Safe and Sound

BETHEL A.M.E. CHURCH

Chicago, IL
4
Star Rating
BETHEL A.M.E. CHURCH is an NCUA-insured credit union started in 1974 and currently based in Chicago, IL. Regulatory filings show the credit union having assets of $54,862, as of December 31, 2017.

The credit union currently holds loans and leases worth $2,936. Its 105 members currently have $45,220 in shares with the credit union.

Overall, Bankrate believes that, as of December 31, 2017, BETHEL A.M.E. CHURCH exhibited a good condition, earning 4 out of 5 stars for safety and soundness. Here's an analysis of how the credit union did on the three key criteria Bankrate used to score U.S. credit unions.

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SAFE AND SOUND?

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THE INSTITUTION'S SCORE

Capital Score

Capital acts as a buffer against losses and affords protection for members when a credit union is struggling financially. It follows then that when it comes to measuring an an institution's financial stability, capital is key. From a safety and soundness perspective, the higher the capital, the better.

BETHEL A.M.E. CHURCH achieved a score of 26 out of a possible 30 points on our test to measure capital adequacy, above the national average of 15.65.

BETHEL A.M.E. CHURCH appears to be on more solid financial footing than its peers, with a capitalization ratio of 26.00 percent in our test, higher than the average for all credit unions.

Asset Quality Score

In this test, Bankrate tries to determine the impact of problem assets, such as past-due loans, on the credit union's capitalization and allocated loan loss reserves.

A credit union with lots of these types of assets could eventually be required to use capital to absorb losses, cutting down on its buffer of equity. Many of those assets are also likely to be in non-accrual status and no longer earning interest for the credit union, resulting in diminished earnings and potentially more risk of a failure in the future.

On Bankrate's asset quality test, BETHEL A.M.E. CHURCH scored 40 out of a possible 40 points, better than the national average of 38.09 points.

Troubled assets made up 0.00 percent of the credit union's total assets in our test, less than the national average and potentially indicative of superior financial strength compared to other credit unions.

Earnings score

How successful a credit union is at making money has an effect on its safety and soundness. Earnings can be retained by the credit union, expanding its capital buffer, or be used to deal with problematic loans, potentially making the credit union more resilient in tough times. Credit unions that are losing money, however, have less ability to do those things.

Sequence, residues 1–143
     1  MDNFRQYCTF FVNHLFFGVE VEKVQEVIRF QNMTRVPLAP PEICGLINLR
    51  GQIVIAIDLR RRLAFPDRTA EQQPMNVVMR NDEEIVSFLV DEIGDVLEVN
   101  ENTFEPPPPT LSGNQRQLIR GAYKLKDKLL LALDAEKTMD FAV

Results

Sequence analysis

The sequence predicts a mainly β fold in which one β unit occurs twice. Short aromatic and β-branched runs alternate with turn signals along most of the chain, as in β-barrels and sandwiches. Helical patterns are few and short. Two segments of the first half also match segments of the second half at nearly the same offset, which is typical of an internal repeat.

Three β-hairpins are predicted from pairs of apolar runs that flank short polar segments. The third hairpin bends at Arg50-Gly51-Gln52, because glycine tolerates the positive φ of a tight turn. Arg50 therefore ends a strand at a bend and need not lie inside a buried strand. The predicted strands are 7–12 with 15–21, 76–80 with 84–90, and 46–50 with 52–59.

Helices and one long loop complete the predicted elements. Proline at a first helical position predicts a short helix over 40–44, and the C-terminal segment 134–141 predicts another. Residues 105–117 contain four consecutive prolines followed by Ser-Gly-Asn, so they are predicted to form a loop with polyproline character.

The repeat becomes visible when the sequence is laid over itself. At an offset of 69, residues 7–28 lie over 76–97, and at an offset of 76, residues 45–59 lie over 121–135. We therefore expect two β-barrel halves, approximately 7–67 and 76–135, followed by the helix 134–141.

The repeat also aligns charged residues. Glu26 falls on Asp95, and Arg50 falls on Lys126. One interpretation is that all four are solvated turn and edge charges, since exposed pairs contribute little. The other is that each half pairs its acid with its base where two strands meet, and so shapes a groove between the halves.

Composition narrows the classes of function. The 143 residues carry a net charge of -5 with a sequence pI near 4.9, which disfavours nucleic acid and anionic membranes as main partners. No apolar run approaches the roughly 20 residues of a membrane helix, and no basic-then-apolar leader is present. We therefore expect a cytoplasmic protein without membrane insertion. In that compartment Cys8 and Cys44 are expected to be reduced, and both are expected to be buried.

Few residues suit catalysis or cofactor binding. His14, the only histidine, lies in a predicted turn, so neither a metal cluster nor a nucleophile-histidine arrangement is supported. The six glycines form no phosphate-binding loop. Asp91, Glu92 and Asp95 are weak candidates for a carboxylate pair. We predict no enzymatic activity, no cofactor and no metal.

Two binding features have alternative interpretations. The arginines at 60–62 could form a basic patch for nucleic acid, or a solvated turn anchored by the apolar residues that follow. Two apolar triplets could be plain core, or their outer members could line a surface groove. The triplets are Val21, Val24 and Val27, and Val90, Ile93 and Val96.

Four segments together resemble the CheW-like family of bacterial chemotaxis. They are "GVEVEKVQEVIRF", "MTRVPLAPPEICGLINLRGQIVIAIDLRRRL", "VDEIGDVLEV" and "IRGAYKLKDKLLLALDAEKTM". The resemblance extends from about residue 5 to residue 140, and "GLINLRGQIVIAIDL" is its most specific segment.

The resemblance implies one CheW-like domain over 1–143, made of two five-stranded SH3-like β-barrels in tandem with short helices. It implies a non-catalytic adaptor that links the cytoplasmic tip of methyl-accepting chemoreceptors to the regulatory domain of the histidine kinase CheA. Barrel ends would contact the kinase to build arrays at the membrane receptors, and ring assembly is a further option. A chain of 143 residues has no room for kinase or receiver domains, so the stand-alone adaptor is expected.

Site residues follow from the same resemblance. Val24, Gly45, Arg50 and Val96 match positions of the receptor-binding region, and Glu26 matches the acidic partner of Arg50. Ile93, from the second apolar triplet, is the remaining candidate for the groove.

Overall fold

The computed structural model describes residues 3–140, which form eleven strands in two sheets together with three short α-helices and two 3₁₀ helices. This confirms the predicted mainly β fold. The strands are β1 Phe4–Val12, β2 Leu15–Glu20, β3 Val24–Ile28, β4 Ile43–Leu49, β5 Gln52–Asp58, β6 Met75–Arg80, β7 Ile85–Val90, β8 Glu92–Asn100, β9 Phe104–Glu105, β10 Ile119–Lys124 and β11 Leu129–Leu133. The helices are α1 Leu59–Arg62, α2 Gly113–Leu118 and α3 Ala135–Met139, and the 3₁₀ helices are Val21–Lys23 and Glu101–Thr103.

BETHEL A.M.E. CHURCH fell short of the national average on Bankrate's earnings test, achieving a score of 0 out of a possible 30.

One sign that the credit union is outperforming its peers in this area was its earnings ratio of 0.00 percent in our test, higher than the average for all credit unions.

WHAT IS SAFE & SOUND?

Bankrate.com's Safe & Sound Ratings provide a star rating system to evaluate the current financial status of financial institutions. The information gathered about banks, credit unions and thrifts is updated as set forth in the Terms of Use of Safe & Sound Ratings and Reports. The Safe & Sound Ratings information is grouped by categories of banks, thrifts and credit unions.

Scoring methodology

Bankrate.com evaluates the financial condition of institutions and assigns a one- to five-star rating for each with five stars representing the highest rating. Institutions with satisfactory performance will generally receive a rating of three or more stars. The majority of institutions fall into the three- to four-star range. An institution with an "NR" rating may be too new to rate or may have limited the publicly available information in their regulatory filings. The "NR" is not an indication of financial strength or weakness. The Safe & Sound rating is believed to be reliable, but the information is not guaranteed. In addition, events since the information was collected may have altered the institution's financial condition.